The wisest thing TV people could do right now would be to endorse the proposals floating around for so-called a la carte pricing for cable service. A la carte pricing would enable cable customers to order (and pay for) only the channels they want. Anybody offended by The Shield could simply not order FX and leave the rest of us alone. The Parents Television Council, the clean-up-TV group that produced the video collection of violent scenes (Including the one from The Shield) that got the senators so worked up Tuesday has said many times it would back off of calls for government regulation of cable content if a la carte pricing were to become law. The TV industry should take them up on it.
CNN is just busting its buttons over scoring the first interview with grizzled ex-con Paris Hilton, Wednesday night at 9 p.m. on Larry King's show. Only the churlish would point out that Hilton came to CNN only after the three broadcast news divisions were shamed into dropping the idea. And only the churlisher would do something as mean as point out that CNN boss Jon Klein is always bragging that his network doesn't do bimbos or car chases, just Serious News.
Klein in 2005: "Our editorial chops are alive and well. We're kicking butt everyday. The American people want serious news -- and they're not getting enough of it from cable…We are the most essential source of information for Americans. We've aligned all of our day parts to be the newsy alternatives."
Klein in 2006: "Sizzle is out – audiences expect substance and we deliver that in a way no one else does. We are feeling very good about the momentum we have gained and the fact that we are showcasing our reporting. Our gimmick is news."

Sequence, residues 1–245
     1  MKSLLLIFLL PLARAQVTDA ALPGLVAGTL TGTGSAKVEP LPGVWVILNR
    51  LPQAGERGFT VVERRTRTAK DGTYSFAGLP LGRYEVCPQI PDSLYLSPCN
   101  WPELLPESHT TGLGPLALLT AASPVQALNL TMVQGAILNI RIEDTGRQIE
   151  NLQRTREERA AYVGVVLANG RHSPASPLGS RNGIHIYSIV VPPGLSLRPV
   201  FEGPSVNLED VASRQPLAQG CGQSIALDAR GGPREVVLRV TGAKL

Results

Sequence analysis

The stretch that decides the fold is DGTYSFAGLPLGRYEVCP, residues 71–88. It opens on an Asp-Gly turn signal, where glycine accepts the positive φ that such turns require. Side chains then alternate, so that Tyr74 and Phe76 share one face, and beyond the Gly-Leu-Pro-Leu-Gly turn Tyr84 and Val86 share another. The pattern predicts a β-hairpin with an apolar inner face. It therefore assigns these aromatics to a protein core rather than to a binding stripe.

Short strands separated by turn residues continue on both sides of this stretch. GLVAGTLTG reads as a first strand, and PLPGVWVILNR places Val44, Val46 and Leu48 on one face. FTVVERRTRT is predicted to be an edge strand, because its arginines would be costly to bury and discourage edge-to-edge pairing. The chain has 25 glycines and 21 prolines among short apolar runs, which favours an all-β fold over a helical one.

Klein in 2007: "We're hoping Paris will flash her boobs on camera." Okay, I made that one up, but don't you bet he's thinking it?
The voice is familiar, but the face . . . well, it isn't there. WINZ radio (940 AM) has added Alan Colmes, the beleaguered resident liberal among Fox News commentators, to its late-night lineup. His nationally syndicated call-in show airs from midnight to 3 a.m.
Don't expect to mistake the radio show for Fox News' Hannity & Colmes, though. ‘‘Hannity's not there, for one thing," Colmes says. "And I take phone calls, which we never do on TV." Not to mention the guests. Sure, you'll still hear interviews with people like Hillary Clinton, Barack Obama and John McCain. But then there's also the guy who was selling helmets to protect against possible space-alien death rays.
"That's probably not the kind of thing you'd see on Hannity & Colmes," Colmes said, diplomatically refraining from what must have been a terrible temptation to make a joke about Bill O'Reilly. "You can explore areas that, well, go with the time of night a little more."